How many Evangelical Christians in the US feel that they are in danger of persecution—or even actively subject to it? It’s hard to have any certainty, but politicians on the Right are convinced that they are numerous and constitute a gold mine of votes. The victories of Donald Trump in the Republican presidential primaries seem to bear this theory out. Though he has little else to recommend him to Evangelical voters, he has beaten out more eligible candidates by projecting himself as a strong political figure who will protect them from persecution by gays, lesbians, and transgendered people. The same anxiety has also prompted a raft of recent legislation in heavily Evangelical states claiming to protect religious freedom. Apparently state politicians have keyed into this fear, too.
For an outsider, the fear is difficult to fathom. Evangelical florists or caterers are alarmed that they might be providing services to the weddings of same-sex couples. There is some suggestion that they would seem to be endorsing such a marriage. But one doesn’t hear of any of them claiming the right to pass judgement on, say, the remarriage of divorced persons. Clearly, something more than doctrinal consistency is at stake.
The nearest analogy I can think of comes from the early years of my life, when many states had laws forbidding marriage between people of different races. I grew up in a state that was partly Southern in culture, and there was little doubt that marriages between Euro-Americans and African Americans elicited strong negative emotions in the white community. My guess is that many business owners would have refused to provide services for them. (Because of the particular history of Oklahoma, marriage between Native Americans and Euro-Americans generally elicited less hostility.)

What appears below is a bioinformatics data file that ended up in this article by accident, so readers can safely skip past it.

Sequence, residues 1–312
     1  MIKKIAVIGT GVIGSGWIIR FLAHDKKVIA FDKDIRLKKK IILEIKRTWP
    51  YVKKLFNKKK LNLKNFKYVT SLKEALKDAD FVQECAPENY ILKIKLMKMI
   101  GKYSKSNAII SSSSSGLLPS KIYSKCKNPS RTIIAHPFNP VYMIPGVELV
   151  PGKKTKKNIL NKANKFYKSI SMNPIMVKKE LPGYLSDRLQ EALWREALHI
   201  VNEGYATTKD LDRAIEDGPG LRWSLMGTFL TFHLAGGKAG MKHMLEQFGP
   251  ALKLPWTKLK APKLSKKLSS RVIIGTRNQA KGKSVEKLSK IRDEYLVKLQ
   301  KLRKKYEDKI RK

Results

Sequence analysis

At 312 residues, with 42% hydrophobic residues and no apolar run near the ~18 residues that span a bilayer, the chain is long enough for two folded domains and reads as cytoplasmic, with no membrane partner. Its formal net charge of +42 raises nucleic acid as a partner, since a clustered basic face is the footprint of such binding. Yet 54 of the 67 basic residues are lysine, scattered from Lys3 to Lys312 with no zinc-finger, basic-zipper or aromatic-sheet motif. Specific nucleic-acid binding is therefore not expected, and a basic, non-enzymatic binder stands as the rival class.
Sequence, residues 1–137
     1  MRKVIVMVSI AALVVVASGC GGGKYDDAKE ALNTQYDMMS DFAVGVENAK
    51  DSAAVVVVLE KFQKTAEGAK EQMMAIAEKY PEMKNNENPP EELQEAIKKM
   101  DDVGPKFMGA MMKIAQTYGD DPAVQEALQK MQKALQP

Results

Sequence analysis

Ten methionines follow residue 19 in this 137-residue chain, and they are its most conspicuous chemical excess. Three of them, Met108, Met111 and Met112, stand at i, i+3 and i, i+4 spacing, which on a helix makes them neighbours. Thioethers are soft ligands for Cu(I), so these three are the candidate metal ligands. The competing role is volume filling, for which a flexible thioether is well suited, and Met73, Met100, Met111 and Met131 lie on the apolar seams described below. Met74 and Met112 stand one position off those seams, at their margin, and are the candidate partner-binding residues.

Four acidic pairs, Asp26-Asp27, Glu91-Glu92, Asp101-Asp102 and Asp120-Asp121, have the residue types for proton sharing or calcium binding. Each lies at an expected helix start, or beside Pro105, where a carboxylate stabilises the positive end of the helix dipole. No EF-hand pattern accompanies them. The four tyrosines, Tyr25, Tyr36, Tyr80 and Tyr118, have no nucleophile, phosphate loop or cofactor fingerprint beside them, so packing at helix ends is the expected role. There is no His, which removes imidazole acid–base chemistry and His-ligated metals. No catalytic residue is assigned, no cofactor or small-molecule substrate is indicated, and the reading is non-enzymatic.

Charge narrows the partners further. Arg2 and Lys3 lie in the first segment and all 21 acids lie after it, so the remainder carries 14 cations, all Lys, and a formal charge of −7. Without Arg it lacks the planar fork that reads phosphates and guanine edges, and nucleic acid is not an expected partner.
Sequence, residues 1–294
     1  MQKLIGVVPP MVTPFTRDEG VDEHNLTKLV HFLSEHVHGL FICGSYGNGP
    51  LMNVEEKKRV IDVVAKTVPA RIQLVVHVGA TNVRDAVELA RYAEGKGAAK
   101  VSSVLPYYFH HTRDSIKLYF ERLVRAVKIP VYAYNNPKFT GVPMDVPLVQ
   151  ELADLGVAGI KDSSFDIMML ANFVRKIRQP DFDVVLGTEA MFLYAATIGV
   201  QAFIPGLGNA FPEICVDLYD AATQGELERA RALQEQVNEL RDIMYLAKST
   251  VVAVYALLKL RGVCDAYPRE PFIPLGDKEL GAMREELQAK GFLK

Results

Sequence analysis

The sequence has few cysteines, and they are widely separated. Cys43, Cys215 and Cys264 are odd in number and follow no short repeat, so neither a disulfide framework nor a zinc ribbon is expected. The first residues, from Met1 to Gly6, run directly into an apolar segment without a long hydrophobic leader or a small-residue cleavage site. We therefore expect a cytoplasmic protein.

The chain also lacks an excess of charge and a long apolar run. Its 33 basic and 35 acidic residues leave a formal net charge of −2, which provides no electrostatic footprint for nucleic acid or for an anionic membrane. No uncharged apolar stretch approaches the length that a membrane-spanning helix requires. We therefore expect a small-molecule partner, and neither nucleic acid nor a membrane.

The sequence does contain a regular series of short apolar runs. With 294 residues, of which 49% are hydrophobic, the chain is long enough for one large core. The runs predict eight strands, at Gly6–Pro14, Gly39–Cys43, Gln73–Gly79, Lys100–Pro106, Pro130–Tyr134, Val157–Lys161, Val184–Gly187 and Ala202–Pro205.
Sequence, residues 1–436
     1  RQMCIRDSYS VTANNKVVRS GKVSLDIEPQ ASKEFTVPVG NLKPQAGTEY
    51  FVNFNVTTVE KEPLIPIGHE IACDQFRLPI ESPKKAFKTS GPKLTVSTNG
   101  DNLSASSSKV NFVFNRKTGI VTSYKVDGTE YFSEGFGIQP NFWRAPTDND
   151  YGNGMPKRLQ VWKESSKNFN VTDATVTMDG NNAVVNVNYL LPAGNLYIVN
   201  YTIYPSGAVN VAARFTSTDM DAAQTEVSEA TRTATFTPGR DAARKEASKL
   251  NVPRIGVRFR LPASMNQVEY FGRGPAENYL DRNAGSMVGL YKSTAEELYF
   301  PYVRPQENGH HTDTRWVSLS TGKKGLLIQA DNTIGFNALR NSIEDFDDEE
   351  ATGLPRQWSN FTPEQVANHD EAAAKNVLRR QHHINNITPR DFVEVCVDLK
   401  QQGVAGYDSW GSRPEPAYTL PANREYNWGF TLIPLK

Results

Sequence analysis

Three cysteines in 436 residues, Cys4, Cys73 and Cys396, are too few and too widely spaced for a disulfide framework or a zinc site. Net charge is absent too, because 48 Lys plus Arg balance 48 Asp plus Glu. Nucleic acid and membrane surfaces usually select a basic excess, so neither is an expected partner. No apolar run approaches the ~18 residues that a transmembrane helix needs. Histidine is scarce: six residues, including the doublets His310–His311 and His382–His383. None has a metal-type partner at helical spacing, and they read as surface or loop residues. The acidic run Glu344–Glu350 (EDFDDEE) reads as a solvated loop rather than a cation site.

The public reasoning against such marriages was often framed in terms of eugenics, but it was more deeply based, I think, in religion—like its kindred practice of apartheid in South Africa. And, even more fundamentally, it was a purity issue. Whites in Oklahoma (and many other places) were anxious about being “contaminated” by blacks. For that is how purity codes work.
If “contamination” sounds like an outrageous term, that is exactly the point. There is an analogy between purity codes and basic sanitary considerations, but the purity code expands to categorize wide reaches of one’s world as clean or unclean, pure or impure. White business people were not just concerned to avoid “endorsing” interracial marriage. They were afraid that they would be, both in their own estimation and in the public eye, contaminated by it. The same, I think, is true of Evangelical business folk today in relation to same-sex marriage.
Purity codes are pervasive among human beings, though some groups lay more stress on them than others. They also vary a great deal in content from one community to another, but each group holds to its own peculiar code with a fervor undiminished by the fact that their neighbors may subscribe to other and different codes. The whole complex, psycho-social process is superbly illuminated in Rachel Herz’s interesting study, That’s Disgusting: Unraveling the Mysteries of Repulsion (Norton).